Recently, Facebook CEO Mark Zuckerberg, via a video launch, announced the rebranding of Facebook to Meta. This news created ripples throughout the Web2 and Web3 ecosystems, as the brand’s new logo and taglines quickly appeared across all Facebook-owned channels.
The crypto community, in general, wasn’t impressed by the announcement. Facebook, which is being increasingly criticized due to its profit-minded and polarizing approach related to specific topics posted on its platforms, the sudden love for cryptocurrencies has raised several questions.
During the recent rebranding, CEO Mark Zuckerberg hinted about “Metaverse,” which is said to be an immersive virtual world. However, several crypto industry leaders have sharply criticized this move. The problem with Facebook (now Meta) venturing into the metaverse lies behind the company’s policies. While the cryptoverse wants the “metaverse” to be inclusive, decentralized, and fair, Meta’s idea of “digital experience” conveniently overshadows the fact that this “experience” will be entirely centralized.
Crypto Community Expresses Concern About The Rebranding
Ben Caselin, Head of Research and Strategy at AAX, penned a scathing open letter to Mark Zuckerberg, underlining, “Our vision for the Metaverse has little to do with your corporatized version of a nauseating virtual reality (VR) game of ping-pong with a childhood friend in a different timezone, wearing a disorientating headset that scans everything in the room, only to be fed you the “Recommended Purchases for You” sidebar minutes later.”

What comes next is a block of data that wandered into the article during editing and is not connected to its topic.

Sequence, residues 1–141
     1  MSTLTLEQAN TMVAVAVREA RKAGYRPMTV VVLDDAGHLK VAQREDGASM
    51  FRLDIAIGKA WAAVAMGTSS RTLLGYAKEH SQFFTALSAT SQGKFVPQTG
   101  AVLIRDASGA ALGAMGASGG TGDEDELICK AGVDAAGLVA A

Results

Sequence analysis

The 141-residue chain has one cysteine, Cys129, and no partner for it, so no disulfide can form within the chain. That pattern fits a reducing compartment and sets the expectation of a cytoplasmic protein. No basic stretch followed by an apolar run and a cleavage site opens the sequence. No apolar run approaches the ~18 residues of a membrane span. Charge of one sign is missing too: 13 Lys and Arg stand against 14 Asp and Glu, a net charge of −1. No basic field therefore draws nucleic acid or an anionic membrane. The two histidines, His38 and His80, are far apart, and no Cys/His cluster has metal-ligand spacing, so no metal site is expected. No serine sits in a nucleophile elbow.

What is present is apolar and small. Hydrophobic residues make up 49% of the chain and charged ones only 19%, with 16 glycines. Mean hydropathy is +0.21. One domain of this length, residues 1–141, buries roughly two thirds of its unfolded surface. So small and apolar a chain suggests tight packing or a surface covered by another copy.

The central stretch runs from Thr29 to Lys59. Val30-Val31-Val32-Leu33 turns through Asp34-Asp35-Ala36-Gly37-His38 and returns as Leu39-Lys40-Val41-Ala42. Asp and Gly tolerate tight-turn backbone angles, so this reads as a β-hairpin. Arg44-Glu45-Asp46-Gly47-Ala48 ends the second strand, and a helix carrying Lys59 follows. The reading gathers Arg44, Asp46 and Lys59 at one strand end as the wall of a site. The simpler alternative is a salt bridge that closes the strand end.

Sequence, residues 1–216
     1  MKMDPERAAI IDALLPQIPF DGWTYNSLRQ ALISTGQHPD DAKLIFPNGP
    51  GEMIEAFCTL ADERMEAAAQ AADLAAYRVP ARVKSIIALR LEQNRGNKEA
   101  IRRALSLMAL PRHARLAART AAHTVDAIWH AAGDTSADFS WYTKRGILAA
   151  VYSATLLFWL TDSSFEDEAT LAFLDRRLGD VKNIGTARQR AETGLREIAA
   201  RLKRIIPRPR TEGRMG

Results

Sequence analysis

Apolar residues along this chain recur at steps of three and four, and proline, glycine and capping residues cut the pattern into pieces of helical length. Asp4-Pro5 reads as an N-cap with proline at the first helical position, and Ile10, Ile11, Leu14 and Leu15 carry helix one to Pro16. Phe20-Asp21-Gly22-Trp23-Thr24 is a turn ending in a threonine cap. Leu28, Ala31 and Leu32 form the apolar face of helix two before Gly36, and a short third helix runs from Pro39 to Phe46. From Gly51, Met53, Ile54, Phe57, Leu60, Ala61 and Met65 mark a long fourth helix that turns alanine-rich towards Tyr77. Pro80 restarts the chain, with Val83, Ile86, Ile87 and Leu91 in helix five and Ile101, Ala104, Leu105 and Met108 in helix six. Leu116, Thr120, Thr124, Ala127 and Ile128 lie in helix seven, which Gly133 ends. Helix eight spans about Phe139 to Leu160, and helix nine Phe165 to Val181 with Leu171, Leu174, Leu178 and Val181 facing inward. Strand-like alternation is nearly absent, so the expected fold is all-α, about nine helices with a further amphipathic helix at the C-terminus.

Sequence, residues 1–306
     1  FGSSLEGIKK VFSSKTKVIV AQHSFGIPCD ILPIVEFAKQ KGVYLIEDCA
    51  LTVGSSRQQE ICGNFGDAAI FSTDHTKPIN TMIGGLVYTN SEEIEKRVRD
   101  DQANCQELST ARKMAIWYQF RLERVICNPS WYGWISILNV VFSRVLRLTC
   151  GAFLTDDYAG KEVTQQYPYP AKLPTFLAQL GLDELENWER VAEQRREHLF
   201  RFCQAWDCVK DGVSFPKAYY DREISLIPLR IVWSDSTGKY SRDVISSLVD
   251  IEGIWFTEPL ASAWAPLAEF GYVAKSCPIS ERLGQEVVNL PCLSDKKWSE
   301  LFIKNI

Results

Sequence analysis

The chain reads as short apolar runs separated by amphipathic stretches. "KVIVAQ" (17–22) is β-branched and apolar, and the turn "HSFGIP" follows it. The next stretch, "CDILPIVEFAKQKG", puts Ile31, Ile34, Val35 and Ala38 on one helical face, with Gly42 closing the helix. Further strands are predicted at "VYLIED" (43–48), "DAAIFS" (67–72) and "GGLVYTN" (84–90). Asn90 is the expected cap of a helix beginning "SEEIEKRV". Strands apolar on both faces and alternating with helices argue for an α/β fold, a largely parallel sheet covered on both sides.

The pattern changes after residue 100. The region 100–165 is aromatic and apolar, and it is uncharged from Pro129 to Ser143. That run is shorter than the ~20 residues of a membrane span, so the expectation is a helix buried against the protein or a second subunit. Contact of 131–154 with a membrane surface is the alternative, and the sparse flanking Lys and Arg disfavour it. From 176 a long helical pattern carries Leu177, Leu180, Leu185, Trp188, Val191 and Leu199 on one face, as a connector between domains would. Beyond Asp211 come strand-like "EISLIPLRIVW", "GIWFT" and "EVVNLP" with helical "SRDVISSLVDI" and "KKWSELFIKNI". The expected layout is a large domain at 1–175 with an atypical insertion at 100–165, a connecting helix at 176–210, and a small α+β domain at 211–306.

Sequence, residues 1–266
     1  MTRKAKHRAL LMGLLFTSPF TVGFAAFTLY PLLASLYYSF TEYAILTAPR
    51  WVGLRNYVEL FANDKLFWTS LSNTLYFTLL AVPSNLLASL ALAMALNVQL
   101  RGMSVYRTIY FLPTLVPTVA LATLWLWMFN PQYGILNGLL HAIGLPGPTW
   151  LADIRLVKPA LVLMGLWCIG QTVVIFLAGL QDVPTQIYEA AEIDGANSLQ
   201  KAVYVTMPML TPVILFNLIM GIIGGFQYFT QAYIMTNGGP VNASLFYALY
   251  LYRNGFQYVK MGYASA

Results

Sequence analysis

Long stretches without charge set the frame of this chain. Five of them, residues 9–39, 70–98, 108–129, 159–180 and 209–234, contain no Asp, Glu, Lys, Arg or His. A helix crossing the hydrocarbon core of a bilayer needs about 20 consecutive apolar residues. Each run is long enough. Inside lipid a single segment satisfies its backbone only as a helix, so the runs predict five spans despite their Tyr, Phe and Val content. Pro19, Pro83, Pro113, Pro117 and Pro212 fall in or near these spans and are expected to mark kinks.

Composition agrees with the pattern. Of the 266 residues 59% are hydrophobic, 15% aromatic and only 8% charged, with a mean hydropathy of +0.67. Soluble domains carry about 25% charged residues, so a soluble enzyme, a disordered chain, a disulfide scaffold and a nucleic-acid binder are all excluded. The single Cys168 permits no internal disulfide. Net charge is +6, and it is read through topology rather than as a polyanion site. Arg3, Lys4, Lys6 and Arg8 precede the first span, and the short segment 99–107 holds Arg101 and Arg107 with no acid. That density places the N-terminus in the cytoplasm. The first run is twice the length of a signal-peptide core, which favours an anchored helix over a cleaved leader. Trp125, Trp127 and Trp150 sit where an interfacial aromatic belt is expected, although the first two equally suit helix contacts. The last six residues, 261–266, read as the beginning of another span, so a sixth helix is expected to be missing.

He adds, “You talk about replacing precious real-world social interactions with a digital immersive “experience,” conveniently overlooking that your company will then own everything about that experience — from the visible interactive game elements all the way down to the metadata. While corporations are welcome to participate and produce their own assets in the crypto metaverse, they should not own any outsized part of it, as it takes the power away from the individual and from the main goal in question: to create a Metaverse that is user-owned.
Centralized dreams have no business snooping around the metaverse.”
While the endgame of the rebranding is still unclear, Mark Zuckerberg’s idea of Meta will, no doubt, be closely linked with advanced technologies like Artificial Intelligence (AI), Virtual Reality (VR), and Augmented Reality (AR), among others. However, Meta being a centralized organization, crypto enthusiasts find it difficult to wrap their heads around how the platform plans to offer interoperability with other open universes within the metaverse.
Irrespective of how the proposed “metaverse” by Meta works, the company will still be the pioneer social media brand to transition to a new world of immersive experience since no Web2 brand has so far expressed interest in this area.
A Sudden Change In Heart
It is evident that Facebook’s rebranding is partly the function of the ongoing crisis after several employees turned whistleblowers exposed several questionable internal processes of the social media giant.